Pungent, zesty, earthy, sometimes slightly warming and even sweet; chives are part of the allium family. 

chivesThey are related to onions and garlic. For such a small herb they have a powerful flavor, delivering many of the characteristics of onion or garlic but in a much softer, more complex way. The use of chives, both culinary and medicinal, has been part of recorded history for over 5,000 years. They are best fresh and raw, although having some dried chives in your herbal arsenal can be quite useful. Chives are delicate, despite their strongish flavor, so it’s a good idea to sprinkle them on and in things as a finishing touch, rather than cooking with them. That way you get the full benefit of their flavor and their healthy goodness.

chivesandeggsSome interesting uses for chives besides on your plate? They can be planted around the edges or sporadically throughout other plants to help deter pests, and yet, when they flower the bees love them, so you get a double delight if you cultivate them in your garden.  Like their counterparts, the onion and garlic, chives are also antifungal, antimicrobial, and antibacterial. The juice from a chive can be used as an insect repellent and as an agent against fungal infections.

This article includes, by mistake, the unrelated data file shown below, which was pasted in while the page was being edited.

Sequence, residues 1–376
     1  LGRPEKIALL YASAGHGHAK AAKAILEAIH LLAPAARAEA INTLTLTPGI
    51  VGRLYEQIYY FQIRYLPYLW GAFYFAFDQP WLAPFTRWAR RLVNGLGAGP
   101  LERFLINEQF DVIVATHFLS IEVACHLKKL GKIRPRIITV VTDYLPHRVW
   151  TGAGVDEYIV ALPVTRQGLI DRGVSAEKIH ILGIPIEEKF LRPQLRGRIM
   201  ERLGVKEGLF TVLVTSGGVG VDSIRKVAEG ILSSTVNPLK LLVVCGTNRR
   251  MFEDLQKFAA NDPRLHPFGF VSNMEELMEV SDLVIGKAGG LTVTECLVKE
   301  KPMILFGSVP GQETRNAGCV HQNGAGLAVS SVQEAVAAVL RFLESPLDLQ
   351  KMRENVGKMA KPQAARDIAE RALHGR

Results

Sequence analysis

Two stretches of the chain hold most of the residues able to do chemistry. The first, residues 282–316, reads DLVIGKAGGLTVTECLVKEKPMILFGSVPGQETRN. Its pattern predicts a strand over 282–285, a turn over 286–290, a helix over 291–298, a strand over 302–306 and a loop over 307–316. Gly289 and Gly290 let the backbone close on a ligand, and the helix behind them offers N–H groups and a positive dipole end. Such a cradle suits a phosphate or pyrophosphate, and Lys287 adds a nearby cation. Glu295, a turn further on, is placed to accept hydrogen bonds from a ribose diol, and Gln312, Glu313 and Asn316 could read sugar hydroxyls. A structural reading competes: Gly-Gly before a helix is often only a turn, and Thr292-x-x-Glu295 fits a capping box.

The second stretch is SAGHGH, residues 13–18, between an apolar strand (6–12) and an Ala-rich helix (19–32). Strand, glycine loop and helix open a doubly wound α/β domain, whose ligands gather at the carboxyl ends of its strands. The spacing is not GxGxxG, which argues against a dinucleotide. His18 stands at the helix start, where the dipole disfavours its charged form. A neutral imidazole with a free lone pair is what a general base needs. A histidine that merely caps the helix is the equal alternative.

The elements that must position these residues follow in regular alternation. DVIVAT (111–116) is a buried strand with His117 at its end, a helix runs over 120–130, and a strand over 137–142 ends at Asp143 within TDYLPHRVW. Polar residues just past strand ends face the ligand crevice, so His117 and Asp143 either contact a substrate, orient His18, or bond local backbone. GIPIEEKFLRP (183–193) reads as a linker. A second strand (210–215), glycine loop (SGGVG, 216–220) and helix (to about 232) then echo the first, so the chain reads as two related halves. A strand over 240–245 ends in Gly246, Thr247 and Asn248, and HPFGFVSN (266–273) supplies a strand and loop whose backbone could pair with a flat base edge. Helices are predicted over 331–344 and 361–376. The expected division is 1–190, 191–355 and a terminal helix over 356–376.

From a medicinal perspective, chives have many of the same properties of other Allium family members, just in a lighter dose. Chives are a good source of Vitamin A and K, and a multitude of minerals like potassium, magnesium and copper. They have anti-inflammatory properties and can also help alleviate pain and irritation if used topically. Apparently, Romans used the juice of chives to treat sunburn and chewed on raw chive stems to heal sore throat. I wonder if just sprinkling them over a nice plate of scrambled eggs is good enough??